The owner of the former presidential yacht Sequoia and a lender agreed to a 60-day cease-fire in a dispute over a $5 million loan.
The lender FE Partners LLC agreed to a temporary restraining order during a hearing today with Delaware Chancery Court Judge Sam Glasscock III. The agreement keeps the status quo for 60 days while the case plays out in court, a lawyer for Sequoia’s owner Gary Silversmith and a spokesman for the lender said in separate e-mails. The agreement couldn’t immediately be verified in court documents.
The accord follows accusations by FE Partners that Silversmith’s Sequoia Presidential Yacht Group LLC outstanding debt and mounting legal violations triggered defaults on the loan.
“The plaintiffs’ concealment of their significant debts and their potential contingent liabilities constitute material breaches of the express warranties in the loan documents,” lawyers for FE Partners said in the Feb. 10 filing.
Silversmith, president of the partnership that bought the vessel in 2000, sued FE Partners in the same court on Feb. 1, accusing the lender of wrongfully attempting to seize the 88-year-old vessel in a dispute over its loan. The owners asked a judge to bar FE Partners, whose investors include an Indian business family, from laying claim to the 104-foot boat.
FE Partners funded only half the loan before manufacturing defaults in an attempt to seize the yacht, lawyers for the Sequoia partnership said in the complaint.
“This is their attempt to steal this boat by manufacturing false claims,” Larry Hutcher, an attorney for Silversmith with the law firm Davidoff Hutcher & Citron LLP, said today in a phone interview. “None of these things are true.”
L. Michael Cantor, a director for FE Partners, countered in an affidavit that the lender uncovered “a string of outstanding unpaid debts and legal violations,” triggering a modification to the loan agreement. The changes included an increase in the initial interest rate and a decrease in the price at which FE was entitled to purchase the Sequoia or Silversmith’s interest in the vessel.
The amended agreement also called for an additional 40 percent decrease in the purchase price if FE Partners gave notice of its intention to exercise its purchase option at the time of a default.
FE Partners claimed it was forced to issue multiple notices of default after discovering that Sequoia owed more than $28,000 in wages to crew members, faced $10 million in potential penalties for years of unpaid sales and property tax to the District of Columbia and had been selling alcohol for more than a decade aboard the vessel without a liquor license.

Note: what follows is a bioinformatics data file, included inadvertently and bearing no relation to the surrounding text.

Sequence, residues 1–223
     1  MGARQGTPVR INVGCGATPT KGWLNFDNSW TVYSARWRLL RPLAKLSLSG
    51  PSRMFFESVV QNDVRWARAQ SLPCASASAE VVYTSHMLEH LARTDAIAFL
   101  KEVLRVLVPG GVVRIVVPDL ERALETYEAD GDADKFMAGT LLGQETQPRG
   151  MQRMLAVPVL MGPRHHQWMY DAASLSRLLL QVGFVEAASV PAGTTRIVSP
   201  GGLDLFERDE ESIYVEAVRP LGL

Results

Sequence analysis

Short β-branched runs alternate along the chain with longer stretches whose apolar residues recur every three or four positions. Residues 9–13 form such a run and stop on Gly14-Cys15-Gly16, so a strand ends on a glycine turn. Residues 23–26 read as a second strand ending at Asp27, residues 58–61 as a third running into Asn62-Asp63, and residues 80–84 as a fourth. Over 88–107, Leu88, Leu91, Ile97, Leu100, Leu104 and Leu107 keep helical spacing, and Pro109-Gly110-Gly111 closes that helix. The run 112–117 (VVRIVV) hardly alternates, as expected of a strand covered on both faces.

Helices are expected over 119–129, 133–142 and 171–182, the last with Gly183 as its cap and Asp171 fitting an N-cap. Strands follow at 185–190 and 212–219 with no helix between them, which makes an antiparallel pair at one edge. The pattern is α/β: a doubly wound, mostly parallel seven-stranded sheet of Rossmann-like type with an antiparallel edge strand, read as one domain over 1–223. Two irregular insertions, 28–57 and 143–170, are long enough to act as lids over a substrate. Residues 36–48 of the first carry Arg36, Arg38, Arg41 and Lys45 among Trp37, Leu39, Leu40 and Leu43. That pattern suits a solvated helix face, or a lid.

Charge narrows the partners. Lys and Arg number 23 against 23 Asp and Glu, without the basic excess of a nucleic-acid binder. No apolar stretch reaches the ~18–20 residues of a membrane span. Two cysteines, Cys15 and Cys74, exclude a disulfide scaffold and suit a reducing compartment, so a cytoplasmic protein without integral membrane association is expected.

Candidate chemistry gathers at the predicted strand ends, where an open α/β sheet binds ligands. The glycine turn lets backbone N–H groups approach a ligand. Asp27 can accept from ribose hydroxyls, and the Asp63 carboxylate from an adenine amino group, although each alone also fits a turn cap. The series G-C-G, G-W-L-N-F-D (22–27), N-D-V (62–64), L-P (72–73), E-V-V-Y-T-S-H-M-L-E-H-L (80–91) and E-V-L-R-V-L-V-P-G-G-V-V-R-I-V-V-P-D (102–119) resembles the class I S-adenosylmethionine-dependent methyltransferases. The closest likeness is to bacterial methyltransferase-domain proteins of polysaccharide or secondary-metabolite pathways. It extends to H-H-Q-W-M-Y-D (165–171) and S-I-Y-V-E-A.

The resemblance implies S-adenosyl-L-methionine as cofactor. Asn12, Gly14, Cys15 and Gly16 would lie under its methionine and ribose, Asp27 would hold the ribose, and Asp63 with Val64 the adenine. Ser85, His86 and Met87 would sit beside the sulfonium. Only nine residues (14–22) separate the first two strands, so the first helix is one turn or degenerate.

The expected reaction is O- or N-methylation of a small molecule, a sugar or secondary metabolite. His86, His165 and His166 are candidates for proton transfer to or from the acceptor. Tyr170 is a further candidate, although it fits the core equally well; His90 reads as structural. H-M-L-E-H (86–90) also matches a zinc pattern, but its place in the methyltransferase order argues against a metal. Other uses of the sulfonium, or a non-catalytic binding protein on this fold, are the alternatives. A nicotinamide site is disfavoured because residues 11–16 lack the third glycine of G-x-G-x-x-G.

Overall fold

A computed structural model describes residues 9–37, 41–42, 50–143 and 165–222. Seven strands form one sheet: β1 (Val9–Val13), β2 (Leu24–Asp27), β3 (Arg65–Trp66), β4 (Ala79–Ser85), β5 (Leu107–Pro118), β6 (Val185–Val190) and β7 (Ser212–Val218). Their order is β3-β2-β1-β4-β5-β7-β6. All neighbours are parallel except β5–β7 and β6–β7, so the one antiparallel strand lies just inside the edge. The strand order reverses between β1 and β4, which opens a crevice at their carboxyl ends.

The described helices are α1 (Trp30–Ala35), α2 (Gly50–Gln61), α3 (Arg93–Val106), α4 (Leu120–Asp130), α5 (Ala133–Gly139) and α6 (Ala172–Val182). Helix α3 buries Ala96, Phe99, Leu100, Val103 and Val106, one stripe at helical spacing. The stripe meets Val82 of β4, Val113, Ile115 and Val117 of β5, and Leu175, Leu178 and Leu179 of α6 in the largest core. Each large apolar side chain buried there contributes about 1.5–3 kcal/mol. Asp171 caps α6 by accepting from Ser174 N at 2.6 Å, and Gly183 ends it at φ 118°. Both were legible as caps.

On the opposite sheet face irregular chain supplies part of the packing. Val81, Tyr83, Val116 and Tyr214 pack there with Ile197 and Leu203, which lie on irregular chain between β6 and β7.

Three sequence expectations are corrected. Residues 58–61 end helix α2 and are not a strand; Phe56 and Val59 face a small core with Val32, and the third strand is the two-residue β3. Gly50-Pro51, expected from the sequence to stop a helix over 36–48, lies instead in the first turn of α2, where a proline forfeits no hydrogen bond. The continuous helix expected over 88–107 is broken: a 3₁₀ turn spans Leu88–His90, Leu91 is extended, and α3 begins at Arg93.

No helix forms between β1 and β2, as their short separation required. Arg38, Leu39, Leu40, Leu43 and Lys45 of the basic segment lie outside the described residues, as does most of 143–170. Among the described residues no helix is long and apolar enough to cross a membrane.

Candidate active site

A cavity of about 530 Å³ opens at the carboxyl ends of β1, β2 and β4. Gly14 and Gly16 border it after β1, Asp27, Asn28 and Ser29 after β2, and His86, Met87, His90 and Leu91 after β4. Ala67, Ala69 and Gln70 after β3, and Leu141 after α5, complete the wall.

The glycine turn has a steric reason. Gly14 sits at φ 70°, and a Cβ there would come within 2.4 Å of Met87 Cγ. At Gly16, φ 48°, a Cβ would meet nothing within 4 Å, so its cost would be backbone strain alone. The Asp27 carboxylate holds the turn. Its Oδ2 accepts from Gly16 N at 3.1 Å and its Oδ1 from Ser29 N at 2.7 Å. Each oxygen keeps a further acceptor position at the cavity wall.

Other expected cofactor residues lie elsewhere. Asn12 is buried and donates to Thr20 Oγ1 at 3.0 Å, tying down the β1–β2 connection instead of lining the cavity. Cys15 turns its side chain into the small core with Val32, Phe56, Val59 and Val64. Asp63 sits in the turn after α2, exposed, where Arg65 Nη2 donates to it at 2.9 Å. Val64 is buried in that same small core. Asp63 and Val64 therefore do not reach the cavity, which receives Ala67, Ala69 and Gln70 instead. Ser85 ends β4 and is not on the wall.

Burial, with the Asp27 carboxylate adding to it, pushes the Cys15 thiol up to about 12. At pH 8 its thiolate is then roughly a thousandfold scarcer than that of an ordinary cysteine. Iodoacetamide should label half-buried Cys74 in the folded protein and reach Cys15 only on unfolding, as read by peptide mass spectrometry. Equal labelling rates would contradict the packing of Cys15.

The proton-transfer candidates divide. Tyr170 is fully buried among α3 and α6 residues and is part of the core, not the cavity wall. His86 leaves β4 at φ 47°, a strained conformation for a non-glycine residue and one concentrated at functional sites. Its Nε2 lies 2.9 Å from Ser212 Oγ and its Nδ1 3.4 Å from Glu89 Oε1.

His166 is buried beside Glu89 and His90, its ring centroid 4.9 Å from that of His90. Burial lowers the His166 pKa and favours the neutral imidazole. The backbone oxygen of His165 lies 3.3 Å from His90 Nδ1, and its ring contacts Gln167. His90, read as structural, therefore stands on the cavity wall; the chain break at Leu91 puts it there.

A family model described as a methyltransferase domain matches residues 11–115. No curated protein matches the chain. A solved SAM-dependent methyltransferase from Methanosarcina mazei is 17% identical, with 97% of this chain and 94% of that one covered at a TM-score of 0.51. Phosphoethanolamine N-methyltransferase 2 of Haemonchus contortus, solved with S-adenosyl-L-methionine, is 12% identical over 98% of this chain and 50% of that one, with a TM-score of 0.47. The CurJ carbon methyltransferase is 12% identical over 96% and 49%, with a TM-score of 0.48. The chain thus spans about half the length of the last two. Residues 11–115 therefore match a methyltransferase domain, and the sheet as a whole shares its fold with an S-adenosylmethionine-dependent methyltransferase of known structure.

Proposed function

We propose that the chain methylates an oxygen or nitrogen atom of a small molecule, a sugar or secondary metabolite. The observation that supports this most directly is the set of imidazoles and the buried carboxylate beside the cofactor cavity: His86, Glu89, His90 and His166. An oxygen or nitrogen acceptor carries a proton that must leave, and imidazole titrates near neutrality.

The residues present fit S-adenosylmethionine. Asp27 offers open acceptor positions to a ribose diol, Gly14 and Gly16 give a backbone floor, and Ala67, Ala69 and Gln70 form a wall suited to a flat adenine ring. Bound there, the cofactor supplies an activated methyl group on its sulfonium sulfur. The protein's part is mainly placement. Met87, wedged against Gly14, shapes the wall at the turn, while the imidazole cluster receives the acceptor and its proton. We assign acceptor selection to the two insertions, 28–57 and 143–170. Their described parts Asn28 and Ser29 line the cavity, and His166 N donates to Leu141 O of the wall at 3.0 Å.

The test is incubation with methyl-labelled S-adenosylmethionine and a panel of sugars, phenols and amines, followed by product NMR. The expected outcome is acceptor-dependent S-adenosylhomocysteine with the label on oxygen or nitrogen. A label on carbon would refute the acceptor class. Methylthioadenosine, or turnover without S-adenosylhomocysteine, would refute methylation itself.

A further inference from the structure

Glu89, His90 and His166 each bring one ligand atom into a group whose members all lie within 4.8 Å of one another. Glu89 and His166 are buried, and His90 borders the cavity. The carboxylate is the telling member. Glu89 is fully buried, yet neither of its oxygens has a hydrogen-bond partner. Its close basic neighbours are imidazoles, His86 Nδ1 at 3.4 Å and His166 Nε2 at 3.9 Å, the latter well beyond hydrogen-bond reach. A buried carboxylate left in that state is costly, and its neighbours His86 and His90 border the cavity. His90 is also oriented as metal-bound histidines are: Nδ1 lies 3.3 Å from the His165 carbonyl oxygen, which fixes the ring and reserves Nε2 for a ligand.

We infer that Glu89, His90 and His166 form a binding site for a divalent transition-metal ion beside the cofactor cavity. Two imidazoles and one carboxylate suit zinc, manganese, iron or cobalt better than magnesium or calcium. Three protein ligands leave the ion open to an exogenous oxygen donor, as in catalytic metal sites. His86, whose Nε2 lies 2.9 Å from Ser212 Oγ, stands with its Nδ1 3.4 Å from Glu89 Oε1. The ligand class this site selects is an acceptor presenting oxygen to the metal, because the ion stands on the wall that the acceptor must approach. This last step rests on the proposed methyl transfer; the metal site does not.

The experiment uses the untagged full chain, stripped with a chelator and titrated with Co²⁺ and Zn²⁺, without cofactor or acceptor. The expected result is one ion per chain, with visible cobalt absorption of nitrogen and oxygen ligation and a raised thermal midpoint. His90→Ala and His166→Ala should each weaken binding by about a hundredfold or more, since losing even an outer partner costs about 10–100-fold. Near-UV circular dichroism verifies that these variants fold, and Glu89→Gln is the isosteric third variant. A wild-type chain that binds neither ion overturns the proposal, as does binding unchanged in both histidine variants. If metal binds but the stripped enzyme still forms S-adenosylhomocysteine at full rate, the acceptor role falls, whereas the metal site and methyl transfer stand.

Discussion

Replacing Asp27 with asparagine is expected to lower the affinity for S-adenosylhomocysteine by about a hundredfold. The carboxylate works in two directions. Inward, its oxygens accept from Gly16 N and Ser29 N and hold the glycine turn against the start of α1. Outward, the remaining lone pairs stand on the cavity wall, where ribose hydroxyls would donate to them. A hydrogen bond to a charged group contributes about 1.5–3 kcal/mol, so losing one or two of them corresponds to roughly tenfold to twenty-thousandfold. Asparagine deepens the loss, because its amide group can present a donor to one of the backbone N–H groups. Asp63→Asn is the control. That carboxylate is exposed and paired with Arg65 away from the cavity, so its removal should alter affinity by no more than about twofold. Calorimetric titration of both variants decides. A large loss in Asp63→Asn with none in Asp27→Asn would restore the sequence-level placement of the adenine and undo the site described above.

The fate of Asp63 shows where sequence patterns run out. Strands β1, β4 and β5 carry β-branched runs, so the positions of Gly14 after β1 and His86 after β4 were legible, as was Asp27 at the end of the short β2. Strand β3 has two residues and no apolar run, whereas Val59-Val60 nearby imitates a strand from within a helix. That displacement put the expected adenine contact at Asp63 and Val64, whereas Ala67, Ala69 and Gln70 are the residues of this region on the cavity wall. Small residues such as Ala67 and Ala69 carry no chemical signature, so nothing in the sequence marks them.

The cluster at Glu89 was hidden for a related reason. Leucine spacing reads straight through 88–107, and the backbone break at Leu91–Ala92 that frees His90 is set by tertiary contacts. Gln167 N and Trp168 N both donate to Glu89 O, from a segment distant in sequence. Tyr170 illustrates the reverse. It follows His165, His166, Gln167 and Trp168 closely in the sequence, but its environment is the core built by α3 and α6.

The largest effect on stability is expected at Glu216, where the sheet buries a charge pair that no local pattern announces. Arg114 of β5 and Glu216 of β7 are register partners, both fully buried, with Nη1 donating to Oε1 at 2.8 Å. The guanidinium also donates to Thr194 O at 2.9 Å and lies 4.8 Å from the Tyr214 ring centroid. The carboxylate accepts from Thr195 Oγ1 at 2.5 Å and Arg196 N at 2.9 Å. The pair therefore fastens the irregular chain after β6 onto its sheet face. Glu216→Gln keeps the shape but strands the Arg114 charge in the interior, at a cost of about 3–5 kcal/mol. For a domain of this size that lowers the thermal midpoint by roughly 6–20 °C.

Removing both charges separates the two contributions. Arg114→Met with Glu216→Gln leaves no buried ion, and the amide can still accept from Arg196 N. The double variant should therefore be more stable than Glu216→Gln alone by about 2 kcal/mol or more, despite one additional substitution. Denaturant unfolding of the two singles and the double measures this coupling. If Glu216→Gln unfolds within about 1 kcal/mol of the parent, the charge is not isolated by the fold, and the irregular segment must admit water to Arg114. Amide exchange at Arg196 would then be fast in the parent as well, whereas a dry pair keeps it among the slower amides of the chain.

Each of the defaults “represented serious violations of the parties’ agreement,” FE Partners said in the filing.
“They exposed the Sequoia venture to potentially hundreds of thousands of dollars of liability, if not more, and possible actions by local and federal governmental authorities,” the lender said in court papers.
For many of the defaults, the Sequoia owners either failed to dispute the core facts or failed to respond at all, according to the filing.
Hutcher denied the allegations, noting that the money owed to crew were for bonuses not yet due. There is no lien filed by the District of Columbia and no claims were ever asserted against Silversmith and the Sequoia group for illegal alcohol sales, Hutcher said.
“It’s shameful that they are resorting to these types of claims to justify their own wrongful conduct,” he said.
FE Partners paid about $2.5 million to a prior lien holder but failed to fund the remainder of the first tranche of the $5 million loan due on July 6, 2012, Hutcher said. FE Partners also didn’t fund the second tranche of the loan.
Hutcher said earlier today that Silversmith was seeking a court order forcing FE Partners to accept full payment of the monies paid out so far and release its lien against the Sequoia so that a new lender could be found.
The temporary restraining order agreed to by both parties bars FE Partners from taking any action for 60 days, Hutcher said in an e-mail. Lawyers will decide on a schedule for gathering pre-trial evidence later this week, Hutcher said.
Built in 1925, the Sequoia served as the official presidential yacht for 50 years before former President Jimmy Carter, a Democrat, sold the vessel in 1977 as part of an effort to cut governmental expenses. The wooden-hulled yacht was designated as a National Historic Landmark in 1987.
The Sequoia served more than nine presidents including Harry Truman, who was allegedly on board when he decided to drop the atomic bomb on Hiroshima, according to a history of the vessel on the Sequoia group’s website. President Dwight D. Eisenhower allowed Britain’s Queen Elizabeth to use the yacht during a visit, and Winston Churchill spent time with Franklin D. Roosevelt on the Sequoia.
Truman once became so enraged during a poker game that he damaged a table with a cigar cutter, according to the Sequoia website. He later installed a piano in the main salon where he and Richard Nixon both played.
Nixon used the Sequoia on at least 88 occasions often sailing down the Potomac River to Mount Vernon. During Watergate, he allegedly believed the vessel was bugged and demanded that an electronic shield be built around the entire yacht requiring small pinholes drilled six inches apart on the entire railing, according to the Web site.
President John F. Kennedy, the crew’s favorite, also celebrated his last birthday on the yacht, according to the history.
The case is Sequoia Presidential Yacht Group LLC v. FE Partners LLC, CA 8270, Delaware Chancery Court (Wilmington).
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